Health complexity includes biological, psychological, social, and health systems. Having complex health needs is associated with poorer clinical outcomes and higher healthcare costs. Care management for people with health complexity is increasingly recommended in primary health care (PHC). The INTERMED complexity assessment grid showed adequate psychometric properties in specialized settings. This study aimed to evaluate INTERMED’s validity and feasibility to assess health complexity in an adult PHC population.
The biopsychosocial health care needs of 230 consecutive adult patients from three Brazilian PHC services were assessed using the INTERMED interview. Participants with a total score >20 were classified as “complex”. Quality of life was measured using the World Health Organization Quality of Life BREF (WHOQOL-BREF); symptoms of anxiety and depression using the Hospital Anxiety and Depression Scale (HADS); social support using the Medical Outcomes Study—Social Support Survey (MOS-SSS); comorbidity levels using the Charlson Comorbidity Index (CCI). We developed two questionnaires to evaluate health services use, and patient perceived feasibility of INTERMED.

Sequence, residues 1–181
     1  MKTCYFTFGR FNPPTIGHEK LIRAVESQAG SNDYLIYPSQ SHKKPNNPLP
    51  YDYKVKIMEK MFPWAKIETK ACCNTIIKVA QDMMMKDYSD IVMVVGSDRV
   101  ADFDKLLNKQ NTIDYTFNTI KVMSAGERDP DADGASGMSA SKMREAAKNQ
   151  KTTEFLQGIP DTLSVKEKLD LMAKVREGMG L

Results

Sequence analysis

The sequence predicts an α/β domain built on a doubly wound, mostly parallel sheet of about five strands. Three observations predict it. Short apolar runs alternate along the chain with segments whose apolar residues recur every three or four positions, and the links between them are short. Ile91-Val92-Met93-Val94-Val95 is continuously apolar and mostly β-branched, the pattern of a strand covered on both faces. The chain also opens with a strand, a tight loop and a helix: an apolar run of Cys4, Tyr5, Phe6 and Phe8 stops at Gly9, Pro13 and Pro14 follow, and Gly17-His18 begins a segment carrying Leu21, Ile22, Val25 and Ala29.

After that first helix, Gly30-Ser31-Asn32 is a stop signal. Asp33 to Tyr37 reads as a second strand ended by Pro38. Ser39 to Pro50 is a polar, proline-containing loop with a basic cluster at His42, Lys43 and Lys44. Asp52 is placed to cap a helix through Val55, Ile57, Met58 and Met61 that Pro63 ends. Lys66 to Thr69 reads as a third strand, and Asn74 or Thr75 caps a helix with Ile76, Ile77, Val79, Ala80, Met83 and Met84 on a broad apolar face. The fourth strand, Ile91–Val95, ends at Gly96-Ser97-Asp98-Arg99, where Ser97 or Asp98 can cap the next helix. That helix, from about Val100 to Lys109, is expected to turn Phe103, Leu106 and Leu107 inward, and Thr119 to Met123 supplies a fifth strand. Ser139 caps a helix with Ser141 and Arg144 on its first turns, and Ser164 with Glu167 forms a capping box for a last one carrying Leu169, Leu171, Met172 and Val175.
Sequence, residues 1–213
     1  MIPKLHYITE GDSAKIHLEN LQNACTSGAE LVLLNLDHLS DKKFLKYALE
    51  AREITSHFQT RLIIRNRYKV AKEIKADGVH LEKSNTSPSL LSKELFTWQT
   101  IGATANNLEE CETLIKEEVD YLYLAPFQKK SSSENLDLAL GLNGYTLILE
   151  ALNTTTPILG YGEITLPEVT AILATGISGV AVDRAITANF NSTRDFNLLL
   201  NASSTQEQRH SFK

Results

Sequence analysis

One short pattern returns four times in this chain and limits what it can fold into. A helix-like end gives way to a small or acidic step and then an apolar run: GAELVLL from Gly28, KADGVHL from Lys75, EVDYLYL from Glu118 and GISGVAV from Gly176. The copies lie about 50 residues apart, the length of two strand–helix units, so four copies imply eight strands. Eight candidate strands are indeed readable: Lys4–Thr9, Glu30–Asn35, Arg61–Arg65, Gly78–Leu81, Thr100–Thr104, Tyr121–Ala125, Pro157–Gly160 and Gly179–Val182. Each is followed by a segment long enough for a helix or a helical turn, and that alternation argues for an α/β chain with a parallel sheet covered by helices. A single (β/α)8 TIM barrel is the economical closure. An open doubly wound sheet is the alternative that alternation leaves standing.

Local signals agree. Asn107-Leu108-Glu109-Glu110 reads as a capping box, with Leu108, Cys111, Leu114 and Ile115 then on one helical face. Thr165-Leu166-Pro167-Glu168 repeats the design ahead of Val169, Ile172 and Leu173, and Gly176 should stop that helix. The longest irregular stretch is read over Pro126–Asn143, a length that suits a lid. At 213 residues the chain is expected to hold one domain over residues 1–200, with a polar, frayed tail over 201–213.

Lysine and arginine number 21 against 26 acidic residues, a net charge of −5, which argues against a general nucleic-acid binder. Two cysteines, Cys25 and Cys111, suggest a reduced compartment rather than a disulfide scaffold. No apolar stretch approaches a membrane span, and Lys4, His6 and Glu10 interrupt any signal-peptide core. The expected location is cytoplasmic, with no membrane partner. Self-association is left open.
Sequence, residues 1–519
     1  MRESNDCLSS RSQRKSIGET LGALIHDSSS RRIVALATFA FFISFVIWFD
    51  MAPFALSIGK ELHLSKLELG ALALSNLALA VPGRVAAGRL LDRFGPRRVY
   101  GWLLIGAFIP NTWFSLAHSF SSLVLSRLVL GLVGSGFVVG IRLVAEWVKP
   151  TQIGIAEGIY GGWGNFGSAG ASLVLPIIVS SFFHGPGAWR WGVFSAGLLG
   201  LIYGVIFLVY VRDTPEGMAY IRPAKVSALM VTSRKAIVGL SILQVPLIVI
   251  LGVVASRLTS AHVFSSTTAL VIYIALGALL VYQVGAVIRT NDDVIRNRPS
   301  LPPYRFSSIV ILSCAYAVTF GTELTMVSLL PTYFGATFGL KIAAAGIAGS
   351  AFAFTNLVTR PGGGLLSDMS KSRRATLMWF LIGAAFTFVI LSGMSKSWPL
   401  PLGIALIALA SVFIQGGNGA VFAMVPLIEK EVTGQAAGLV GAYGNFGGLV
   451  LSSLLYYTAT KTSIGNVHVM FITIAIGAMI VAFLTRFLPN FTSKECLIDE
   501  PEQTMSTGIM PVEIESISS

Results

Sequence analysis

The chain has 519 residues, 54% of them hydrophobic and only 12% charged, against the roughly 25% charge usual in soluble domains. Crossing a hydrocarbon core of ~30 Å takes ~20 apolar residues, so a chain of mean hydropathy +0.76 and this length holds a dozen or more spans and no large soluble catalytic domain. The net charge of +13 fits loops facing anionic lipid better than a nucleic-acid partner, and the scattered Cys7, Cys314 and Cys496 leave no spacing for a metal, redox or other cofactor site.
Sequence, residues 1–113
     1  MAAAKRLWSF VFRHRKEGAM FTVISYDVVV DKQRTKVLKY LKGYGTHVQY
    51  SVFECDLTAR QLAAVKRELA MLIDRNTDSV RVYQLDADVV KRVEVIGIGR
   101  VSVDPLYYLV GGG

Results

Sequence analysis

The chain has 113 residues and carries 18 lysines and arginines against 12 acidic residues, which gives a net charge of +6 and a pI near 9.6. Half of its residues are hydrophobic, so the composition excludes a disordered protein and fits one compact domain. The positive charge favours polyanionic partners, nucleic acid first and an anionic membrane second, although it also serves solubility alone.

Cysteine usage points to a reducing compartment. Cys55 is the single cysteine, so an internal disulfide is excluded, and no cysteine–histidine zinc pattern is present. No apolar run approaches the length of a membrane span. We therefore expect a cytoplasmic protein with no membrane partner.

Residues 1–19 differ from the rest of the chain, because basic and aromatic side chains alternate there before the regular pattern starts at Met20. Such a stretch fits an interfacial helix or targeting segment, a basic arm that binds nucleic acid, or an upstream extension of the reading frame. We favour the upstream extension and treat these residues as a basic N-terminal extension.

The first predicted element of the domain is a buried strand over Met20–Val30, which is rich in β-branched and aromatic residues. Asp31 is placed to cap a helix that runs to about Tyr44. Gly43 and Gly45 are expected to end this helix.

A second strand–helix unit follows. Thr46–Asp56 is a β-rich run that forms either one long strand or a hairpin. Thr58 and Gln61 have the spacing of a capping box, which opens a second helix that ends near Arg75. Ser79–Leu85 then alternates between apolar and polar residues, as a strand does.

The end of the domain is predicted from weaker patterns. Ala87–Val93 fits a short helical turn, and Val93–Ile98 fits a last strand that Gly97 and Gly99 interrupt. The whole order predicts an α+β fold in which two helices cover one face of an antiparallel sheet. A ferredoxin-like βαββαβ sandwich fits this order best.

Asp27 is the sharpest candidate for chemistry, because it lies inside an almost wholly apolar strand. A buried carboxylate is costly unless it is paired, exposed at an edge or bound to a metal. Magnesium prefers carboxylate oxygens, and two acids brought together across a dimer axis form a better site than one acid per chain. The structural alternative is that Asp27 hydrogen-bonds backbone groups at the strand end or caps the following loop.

42 participants (18.3%) were classified as “complex”. A moderate correlation was found between the total INTERMED score and the total scores of WHOQOL-BREF (rho = - 0.59) and HADS (rho = 0.56), and between the social domains of INTERMED and MOS-SSS (rho = -0.44). After adjustment, the use of PHC (β = 2.12, t = 2.10, p < 0.05), any other health care services (β = 3.05, t = 3.97, p < 0.01), and any medication (β = 3.64, t = 4.16, p < 0.01) were associated with higher INTERMED scores. The INTERMED internal consistency was good (ω = 0.83), and the median application time was 7 min. Patients reported satisfaction with the questions, answers, and application time.
INTERMED displayed good psychometric values in a PHC population and proved promising for practical use in PHC.
We would like to thank Professor Craig Ramsay for his comments on this work during an international meeting held at the Health Services Research Unit of the University of Aberdeen in July 2019.